You can find bridges to Orthodoxy in every Christian church body because every one of them took something with them in their departure from Tradition.  Perhaps in these congregations there is enough left of that Tradition to lead some to salvation. But if you look carefully at the trajectory of all Protestant traditions, there is not much reason to hope that this way of life will be preserved for our children or grandchildren.

 

Stressing that Orthodoxy is The Church and that within her is found salvation is not the same thing as saying, "Oh, you're not Orthodox? I guess you're going to hell."  I don't know any such thing, neither does anyone else. 

 

But the constant, changing state of the life of Protestant churches begs the question about what will be left for the next generation.  So much money and time and attention is spent trying to keep kids in church, but what are they being given?  What is being handed over to them?  Is it really the unchanging Tradition of Christ and the Apostles or a wolf costumed as a sheep?

 

My own children were a driving reason in my investigation of Orthodoxy.  I worked to be as faithful to the Lutheran Confessions as possible, but what happens when they grow up and move on?  What if they end up where all of the faithful St. John's Lutheran Churches had morphed into poll-happy Pathfinder Lutherans?  What would they and their children have?  Certainly not a way of life that I would have recognized.

 

The dogma and canons of the Orthodox Church are tools the Lord uses to protect a way of life, not an end in themselves. Salvation is the way that leads to theosis or the deification of man. 

 

It is not the Sola Fide, Sola Gratia idea that the righteousness of Christ is legally credited to me by fiat.

 

It is not that His death took the punishment I had coming so that the Father's wrath is appeased and He is finally able to love me.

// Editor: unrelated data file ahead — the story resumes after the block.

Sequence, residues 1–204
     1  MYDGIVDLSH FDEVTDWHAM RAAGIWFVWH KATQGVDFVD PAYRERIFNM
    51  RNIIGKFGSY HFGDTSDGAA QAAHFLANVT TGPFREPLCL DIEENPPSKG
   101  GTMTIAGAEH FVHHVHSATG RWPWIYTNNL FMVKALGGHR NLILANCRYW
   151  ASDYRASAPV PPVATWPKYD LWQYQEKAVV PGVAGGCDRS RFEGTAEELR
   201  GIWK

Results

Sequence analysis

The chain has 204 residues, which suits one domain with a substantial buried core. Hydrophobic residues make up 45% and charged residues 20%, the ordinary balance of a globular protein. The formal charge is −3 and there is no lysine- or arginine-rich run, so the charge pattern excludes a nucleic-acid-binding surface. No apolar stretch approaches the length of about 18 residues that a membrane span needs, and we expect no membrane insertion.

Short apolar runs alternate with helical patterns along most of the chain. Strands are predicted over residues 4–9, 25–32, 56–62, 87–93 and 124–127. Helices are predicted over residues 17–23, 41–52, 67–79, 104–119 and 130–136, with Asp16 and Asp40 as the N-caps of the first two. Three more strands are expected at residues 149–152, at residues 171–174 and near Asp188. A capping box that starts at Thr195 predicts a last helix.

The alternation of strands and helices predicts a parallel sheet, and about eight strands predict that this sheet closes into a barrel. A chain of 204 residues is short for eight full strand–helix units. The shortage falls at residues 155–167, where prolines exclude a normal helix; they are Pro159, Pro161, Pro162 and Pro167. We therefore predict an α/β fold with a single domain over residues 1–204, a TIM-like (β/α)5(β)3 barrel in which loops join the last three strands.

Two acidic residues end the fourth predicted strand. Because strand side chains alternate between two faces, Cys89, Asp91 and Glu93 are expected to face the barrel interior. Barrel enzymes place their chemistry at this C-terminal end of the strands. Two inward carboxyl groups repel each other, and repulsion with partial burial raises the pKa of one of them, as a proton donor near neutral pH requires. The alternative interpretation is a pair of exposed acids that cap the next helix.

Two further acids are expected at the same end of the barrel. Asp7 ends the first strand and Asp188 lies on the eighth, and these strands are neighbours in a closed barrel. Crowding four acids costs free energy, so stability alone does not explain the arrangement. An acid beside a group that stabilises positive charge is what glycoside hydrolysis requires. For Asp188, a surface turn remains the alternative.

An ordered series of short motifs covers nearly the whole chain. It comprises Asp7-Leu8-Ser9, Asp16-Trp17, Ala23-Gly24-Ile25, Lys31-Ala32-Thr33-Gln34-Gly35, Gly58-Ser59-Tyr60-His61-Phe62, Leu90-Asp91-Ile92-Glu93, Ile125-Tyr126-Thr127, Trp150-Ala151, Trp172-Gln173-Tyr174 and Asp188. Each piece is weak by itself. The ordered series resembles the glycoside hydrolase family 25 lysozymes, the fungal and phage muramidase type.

It is not that instead of seeing miserable me our Heavenly Father sees the legal fiction of Jesus' perfect life covering me like snow over mud.

 

No. This is not the way that leads to salvation, but an idea that came about in the midst of a departure from the Tradition that saves.  These are falsehoods intermixing with the truths of Scripture, masquerading as "Gospel", and poisoning each generation a little more than the last. 

 

Whenever you leave somewhere, you take something of it with you.  You might start with a moving truck, but eventually pieces get lost or broken or thrown away.  You pick up new things, and eventually what you had from Home makes up only a small portion of what you possess.

 

The Reformation churches started with a much larger share of Tradition than what is present today.  And yet my former church body has more of Tradition than many other Protestant confessions. For that I thank God! It means she preserves more of a way of life that leads to salvation than you can find in many other places. 

 

But she isn't stable.  She isn't Home, and so what she has will continue to be lost and broken, with no way to replenish what is no longer there.  As a pastor I wanted to impart what was lived and taught by Christ and the Apostles. As a father I wanted the same for my children.  That could not be done in any full or stable way as a Lutheran.  

 

Not because Lutherans are bad.

 

Not because Lutherans are going to hell.

 

Not because there was nothing good.

 

The doctrine of her Confessions simply lacked the tools needed to guide people on the way to eternal life.  And so churches like the almost newly minted "Pathfinder" pick up secular tools like polling and re-branding and whatever else they can find as they wander in the world, travelling farther and farther from home.